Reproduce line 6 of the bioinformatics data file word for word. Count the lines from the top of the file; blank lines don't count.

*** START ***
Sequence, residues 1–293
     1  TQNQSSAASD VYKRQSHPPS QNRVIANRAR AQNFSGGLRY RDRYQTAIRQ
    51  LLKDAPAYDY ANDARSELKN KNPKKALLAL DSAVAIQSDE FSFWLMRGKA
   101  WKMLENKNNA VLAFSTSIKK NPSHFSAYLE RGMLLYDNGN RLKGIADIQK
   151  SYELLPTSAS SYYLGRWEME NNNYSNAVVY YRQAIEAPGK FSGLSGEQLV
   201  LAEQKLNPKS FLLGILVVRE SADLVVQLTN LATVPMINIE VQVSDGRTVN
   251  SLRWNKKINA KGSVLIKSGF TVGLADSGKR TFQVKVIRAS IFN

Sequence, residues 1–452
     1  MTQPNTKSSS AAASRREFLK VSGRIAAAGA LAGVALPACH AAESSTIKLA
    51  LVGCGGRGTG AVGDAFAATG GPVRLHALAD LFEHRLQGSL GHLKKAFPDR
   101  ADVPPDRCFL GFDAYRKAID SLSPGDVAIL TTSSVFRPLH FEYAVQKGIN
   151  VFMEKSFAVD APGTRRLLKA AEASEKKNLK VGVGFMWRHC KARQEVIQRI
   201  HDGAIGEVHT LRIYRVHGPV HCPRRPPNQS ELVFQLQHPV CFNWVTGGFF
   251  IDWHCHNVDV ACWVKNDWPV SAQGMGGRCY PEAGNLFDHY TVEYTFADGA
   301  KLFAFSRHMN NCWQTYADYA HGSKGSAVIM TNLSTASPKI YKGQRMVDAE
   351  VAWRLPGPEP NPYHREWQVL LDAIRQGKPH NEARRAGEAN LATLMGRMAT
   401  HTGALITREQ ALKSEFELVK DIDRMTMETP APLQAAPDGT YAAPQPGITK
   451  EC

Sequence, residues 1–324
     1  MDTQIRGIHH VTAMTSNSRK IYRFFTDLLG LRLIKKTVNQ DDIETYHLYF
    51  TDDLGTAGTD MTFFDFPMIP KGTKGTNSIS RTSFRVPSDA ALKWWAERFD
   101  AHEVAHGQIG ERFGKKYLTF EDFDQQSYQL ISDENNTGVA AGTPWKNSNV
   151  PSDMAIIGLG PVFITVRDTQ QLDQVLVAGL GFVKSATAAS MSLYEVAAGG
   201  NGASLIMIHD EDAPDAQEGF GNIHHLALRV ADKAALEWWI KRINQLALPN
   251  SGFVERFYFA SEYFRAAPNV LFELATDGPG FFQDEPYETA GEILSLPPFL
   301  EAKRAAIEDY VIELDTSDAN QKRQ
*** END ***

   201  LAEQKLNPKS FLLGILVVRE SADLVVQLTN LATVPMINIE VQVSDGRTVN